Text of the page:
Hans Berger was miles from home when he fell into the path of a horse-drawn cannon. His father didn’t know about the accident, but sent a telegram asking about his health because Berger's sister had a premonition that something was wrong. “As I contemplated certain death, I transmitted my thoughts,” noted Berger. He was intrigued by what he called this 'psychic energy', and by how body and soul interact. He went on to make the first recording of electrical activity in the human brain (a recent trace is shown above), in 1920. His electroencephalogram (EEG) technique involved attaching foil electrodes or silver needles to a subject's skull. He studied brain activity in epilepsy, and today doctors still use EEGs to help diagnose the condition. Some suggest that Berger played a role in the Nazi sterilisation of neuropsychiatric patients. Others argue that he was at odds with the regime.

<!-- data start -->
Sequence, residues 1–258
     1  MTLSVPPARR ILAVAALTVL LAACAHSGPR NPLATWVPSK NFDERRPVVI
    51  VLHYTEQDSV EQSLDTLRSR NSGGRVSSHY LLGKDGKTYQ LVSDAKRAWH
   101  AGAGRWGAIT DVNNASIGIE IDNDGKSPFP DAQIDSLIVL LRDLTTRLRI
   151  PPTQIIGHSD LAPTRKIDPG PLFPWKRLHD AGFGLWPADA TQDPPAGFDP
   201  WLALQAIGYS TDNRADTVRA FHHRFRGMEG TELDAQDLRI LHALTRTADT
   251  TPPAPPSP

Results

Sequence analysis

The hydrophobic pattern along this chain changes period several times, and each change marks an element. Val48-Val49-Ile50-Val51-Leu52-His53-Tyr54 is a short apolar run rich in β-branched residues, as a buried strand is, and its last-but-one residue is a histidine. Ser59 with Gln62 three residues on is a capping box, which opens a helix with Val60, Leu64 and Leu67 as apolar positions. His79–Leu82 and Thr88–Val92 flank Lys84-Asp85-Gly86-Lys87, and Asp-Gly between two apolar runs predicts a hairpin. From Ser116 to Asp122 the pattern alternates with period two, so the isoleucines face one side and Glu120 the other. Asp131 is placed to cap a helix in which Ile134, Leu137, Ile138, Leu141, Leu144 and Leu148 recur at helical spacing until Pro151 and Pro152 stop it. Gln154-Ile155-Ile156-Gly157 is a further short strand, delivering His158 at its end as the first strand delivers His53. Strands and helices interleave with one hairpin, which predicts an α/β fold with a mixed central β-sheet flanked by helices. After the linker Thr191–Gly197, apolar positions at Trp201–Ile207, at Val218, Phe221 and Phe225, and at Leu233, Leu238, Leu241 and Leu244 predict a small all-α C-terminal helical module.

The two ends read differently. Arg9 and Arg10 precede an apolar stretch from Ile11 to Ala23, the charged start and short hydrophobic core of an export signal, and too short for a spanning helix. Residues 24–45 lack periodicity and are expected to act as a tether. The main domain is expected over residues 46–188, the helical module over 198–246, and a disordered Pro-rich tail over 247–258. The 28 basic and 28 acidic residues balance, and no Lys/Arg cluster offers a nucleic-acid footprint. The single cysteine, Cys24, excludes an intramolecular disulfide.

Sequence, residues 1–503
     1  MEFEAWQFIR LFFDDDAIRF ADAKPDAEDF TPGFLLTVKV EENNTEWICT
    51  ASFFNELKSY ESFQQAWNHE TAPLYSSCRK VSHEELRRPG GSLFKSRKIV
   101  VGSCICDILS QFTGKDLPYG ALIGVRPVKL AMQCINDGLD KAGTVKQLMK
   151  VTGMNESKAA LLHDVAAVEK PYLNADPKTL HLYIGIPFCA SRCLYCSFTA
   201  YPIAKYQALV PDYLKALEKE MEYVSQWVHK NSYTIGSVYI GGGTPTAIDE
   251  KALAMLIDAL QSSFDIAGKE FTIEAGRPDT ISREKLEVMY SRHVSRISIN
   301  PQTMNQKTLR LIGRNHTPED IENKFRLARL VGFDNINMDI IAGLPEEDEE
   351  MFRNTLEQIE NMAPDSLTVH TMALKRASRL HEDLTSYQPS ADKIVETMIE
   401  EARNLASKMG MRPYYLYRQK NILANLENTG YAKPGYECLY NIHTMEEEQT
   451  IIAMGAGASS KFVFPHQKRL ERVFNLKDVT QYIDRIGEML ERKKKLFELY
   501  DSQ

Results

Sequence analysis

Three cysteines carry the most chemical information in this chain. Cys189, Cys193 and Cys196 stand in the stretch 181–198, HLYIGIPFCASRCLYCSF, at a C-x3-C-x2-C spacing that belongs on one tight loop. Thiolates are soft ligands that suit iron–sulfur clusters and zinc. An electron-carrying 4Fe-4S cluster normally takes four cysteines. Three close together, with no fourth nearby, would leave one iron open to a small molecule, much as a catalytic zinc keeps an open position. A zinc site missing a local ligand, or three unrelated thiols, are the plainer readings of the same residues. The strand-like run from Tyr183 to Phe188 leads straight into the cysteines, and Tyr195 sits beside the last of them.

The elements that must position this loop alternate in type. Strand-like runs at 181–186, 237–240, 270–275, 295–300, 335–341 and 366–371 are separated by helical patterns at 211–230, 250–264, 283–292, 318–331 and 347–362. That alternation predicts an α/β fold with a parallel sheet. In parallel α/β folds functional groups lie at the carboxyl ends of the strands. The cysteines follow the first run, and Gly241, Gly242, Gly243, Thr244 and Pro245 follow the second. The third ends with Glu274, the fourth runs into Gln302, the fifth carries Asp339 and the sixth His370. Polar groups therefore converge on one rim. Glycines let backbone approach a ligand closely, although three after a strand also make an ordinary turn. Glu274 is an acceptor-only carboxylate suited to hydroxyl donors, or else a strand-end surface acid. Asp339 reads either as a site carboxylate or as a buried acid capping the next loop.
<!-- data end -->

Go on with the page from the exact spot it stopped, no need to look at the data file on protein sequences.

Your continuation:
Written by Deborah Oakley
BPoD stands for Biomedical Picture of the Day. Managed by the MRC London Institute of Medical Sciences the website aims to engage everyone, young and old, in the wonders of biomedicine. Images are kindly provided for inclusion on this website through the generosity of scientists across the globe.
BPoD is also available in Catalan at www.bpod.cat with translations by the University of Valencia.